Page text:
"Barry Lyndon" is Stanley Kubrick's forgotten "masterpiece". Sandwiched chronologically between "A Clockwork Orange" (1971) and "The Shining" (1980), it has received less adulation from the press and public than some of Kubrick's other triumphs ("Dr. Strangelove"; "2001: A Space Odyssey") and did poorly at the box office upon its initial release in 1975.
Based on the 1844 William Makepeace Thackeray novel "The Luck of Barry Lyndon" (with some of the usual artistic liberties that Kubrick often took with his adaptations of books) this film follows the travails of Redmond Barry, an 18th century, hot-headed, charmingly unscrupulous Irish rapscallion who will stop at nothing to join the ranks of the British aristocracy.
Through a series of mishaps and misadventures, we follow Barry from his native Ireland through the Seven Years' War (1756-63), through the grand gambling palaces of Europe where he eventually woos and marries the beautiful and wealthy Lady Lyndon and adopts her name, much to the chagrin of her son Lord Bullingdon, who vows never to let Barry achieve his dream of joining the gentry.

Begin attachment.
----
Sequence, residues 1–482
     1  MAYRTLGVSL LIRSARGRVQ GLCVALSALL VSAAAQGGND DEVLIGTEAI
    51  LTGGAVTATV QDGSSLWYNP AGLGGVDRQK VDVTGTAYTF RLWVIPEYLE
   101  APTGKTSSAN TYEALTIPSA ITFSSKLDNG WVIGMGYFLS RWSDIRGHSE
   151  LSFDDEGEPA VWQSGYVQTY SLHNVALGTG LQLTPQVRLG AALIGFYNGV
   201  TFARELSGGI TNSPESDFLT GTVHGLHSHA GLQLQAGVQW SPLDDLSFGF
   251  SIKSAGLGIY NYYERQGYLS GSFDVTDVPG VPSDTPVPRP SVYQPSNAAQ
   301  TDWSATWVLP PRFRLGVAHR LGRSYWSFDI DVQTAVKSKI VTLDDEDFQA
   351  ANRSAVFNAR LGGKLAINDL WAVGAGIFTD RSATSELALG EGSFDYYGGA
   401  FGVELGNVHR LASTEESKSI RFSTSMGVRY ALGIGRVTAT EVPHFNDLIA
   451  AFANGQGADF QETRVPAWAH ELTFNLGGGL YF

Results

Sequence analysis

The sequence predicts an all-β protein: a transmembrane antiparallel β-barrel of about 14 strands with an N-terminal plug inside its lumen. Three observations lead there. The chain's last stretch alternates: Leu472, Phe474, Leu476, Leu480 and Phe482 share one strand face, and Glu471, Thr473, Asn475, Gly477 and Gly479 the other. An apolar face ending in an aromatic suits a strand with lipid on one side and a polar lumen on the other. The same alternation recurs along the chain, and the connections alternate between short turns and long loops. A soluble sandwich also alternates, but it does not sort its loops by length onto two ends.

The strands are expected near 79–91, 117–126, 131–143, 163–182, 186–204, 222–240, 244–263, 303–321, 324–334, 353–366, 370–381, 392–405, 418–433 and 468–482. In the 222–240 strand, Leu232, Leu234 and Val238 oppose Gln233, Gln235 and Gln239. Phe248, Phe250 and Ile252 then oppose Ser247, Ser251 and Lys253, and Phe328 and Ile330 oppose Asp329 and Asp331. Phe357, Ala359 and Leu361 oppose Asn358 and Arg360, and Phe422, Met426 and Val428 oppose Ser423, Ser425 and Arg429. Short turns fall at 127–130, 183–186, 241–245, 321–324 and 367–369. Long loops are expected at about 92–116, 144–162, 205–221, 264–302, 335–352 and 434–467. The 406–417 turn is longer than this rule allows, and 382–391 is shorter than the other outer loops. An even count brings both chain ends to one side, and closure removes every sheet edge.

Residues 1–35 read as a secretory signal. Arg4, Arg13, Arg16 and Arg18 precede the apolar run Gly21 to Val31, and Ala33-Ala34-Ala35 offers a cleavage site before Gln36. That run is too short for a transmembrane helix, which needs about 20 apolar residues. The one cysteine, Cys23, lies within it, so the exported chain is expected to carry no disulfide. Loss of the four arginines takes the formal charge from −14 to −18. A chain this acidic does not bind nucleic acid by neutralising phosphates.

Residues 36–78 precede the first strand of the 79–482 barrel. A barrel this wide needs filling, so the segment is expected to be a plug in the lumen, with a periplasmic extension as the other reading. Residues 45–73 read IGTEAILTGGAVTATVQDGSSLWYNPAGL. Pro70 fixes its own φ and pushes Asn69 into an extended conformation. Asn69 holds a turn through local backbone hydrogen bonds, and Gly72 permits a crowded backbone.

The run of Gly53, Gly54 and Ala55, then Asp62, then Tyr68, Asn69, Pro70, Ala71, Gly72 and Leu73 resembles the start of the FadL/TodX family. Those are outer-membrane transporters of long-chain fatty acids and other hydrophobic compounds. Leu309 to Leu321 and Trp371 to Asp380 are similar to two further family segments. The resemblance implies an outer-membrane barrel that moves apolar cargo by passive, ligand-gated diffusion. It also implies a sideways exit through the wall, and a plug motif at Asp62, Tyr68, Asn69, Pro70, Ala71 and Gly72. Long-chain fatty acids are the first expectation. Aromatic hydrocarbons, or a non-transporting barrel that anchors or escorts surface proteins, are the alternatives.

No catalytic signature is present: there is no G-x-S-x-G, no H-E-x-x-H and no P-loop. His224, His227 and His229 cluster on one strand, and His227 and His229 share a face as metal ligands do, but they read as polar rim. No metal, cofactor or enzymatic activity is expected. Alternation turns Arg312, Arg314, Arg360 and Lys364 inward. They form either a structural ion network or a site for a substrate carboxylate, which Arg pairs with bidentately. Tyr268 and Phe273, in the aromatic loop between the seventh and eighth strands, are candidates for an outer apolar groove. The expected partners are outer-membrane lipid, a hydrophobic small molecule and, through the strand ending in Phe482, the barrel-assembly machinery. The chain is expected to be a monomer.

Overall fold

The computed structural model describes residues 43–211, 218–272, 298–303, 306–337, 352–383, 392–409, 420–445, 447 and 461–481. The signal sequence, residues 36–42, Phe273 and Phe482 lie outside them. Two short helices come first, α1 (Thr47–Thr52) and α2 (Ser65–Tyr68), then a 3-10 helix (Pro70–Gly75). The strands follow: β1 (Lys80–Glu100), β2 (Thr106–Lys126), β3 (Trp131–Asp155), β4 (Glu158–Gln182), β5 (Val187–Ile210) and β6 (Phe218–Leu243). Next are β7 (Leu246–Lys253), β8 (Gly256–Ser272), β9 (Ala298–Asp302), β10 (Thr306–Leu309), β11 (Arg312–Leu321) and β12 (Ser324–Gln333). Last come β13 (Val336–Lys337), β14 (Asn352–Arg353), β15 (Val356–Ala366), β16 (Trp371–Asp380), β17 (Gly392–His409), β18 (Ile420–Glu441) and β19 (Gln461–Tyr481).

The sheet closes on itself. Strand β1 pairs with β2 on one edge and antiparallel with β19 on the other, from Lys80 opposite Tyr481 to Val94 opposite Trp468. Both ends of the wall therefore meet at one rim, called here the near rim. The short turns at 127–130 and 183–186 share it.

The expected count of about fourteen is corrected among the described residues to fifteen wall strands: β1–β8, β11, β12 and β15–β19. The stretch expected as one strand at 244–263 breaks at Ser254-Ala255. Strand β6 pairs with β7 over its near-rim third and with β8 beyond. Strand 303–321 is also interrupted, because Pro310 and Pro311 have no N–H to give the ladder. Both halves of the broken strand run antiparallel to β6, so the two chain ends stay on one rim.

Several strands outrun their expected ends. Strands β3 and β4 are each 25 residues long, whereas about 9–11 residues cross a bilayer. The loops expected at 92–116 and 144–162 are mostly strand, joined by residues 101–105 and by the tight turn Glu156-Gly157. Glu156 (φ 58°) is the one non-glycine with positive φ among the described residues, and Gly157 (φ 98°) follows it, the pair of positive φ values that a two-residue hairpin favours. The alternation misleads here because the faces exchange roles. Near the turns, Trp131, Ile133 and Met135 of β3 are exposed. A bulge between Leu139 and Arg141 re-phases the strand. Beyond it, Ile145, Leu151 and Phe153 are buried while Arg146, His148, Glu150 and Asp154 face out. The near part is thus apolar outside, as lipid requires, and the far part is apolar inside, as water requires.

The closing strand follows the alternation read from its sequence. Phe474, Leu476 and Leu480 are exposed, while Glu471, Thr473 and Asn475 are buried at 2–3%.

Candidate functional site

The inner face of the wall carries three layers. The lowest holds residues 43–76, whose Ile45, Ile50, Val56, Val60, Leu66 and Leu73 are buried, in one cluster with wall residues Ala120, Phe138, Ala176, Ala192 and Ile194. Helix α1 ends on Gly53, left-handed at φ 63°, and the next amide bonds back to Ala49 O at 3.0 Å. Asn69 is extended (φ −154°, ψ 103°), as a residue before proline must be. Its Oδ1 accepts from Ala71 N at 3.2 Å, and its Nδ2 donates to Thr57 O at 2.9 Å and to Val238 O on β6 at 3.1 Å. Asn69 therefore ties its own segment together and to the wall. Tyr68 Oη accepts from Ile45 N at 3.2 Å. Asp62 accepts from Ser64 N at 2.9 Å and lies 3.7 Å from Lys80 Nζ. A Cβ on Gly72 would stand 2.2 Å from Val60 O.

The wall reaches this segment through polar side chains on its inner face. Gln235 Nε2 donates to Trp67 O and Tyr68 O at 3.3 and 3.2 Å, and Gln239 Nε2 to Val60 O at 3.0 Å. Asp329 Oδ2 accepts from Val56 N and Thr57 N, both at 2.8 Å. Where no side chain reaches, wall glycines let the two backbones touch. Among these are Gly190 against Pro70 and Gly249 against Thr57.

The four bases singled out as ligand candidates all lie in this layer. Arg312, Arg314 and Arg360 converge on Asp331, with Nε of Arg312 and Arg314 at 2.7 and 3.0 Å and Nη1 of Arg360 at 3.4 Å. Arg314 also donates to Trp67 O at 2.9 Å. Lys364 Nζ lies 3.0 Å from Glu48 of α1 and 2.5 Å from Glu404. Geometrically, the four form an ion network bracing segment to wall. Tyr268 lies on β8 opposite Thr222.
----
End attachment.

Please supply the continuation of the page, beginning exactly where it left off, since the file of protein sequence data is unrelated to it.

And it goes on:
Kubrick's ace-in-the-hole is his D.P. John Alcott who deservedly won an Oscar for Best Cinematography. Shot in Ireland, Germany and England, the viewer constantly gets the feeling of viewing a classic 18th century painting. It never gets dull watching the absolute beauty of this film, and I personally marvelled at all the hard work that must have gone into making it.
The music is also wonderful, as Kubrick once again shows excellent taste in which music fits a particular scene. The film's opening scenes have gorgeous Irish folk music from The Chieftains, and its later passages are eloquently followed by the works of J.S. Bach and Vivaldi...and are repeated so often it's impossible for their concertos not to get stuck in your head!
The acting itself is above average, but somewhat mixed. Ryan O'Neal is adequate as Barry Lyndon, although his attempts at an Irish accent are so-so at best. He frequently fades into his SoCal drawl during the film. He manages to hold the film together, but he is not its strongest performer. Marisa Berenson (Lady Lyndon) isn't given much to do here, but she makes the most of her isolation and melancholy. The true stars are Leon Vitali (disgustingly weasely and sadly sympathetic as the adult Lord Bullingdon) and Murray Melvin (the cold, restrained Reverand Runt). Both actors steal every scene which features them. I got the feeling that Kubrick focused so much on the photography of "Barry Lyndon" that the film's acting suffered as a result. Maybe Kubrick wanted to illustrate the coldness of the British upper classes. If so, then mission accomplished.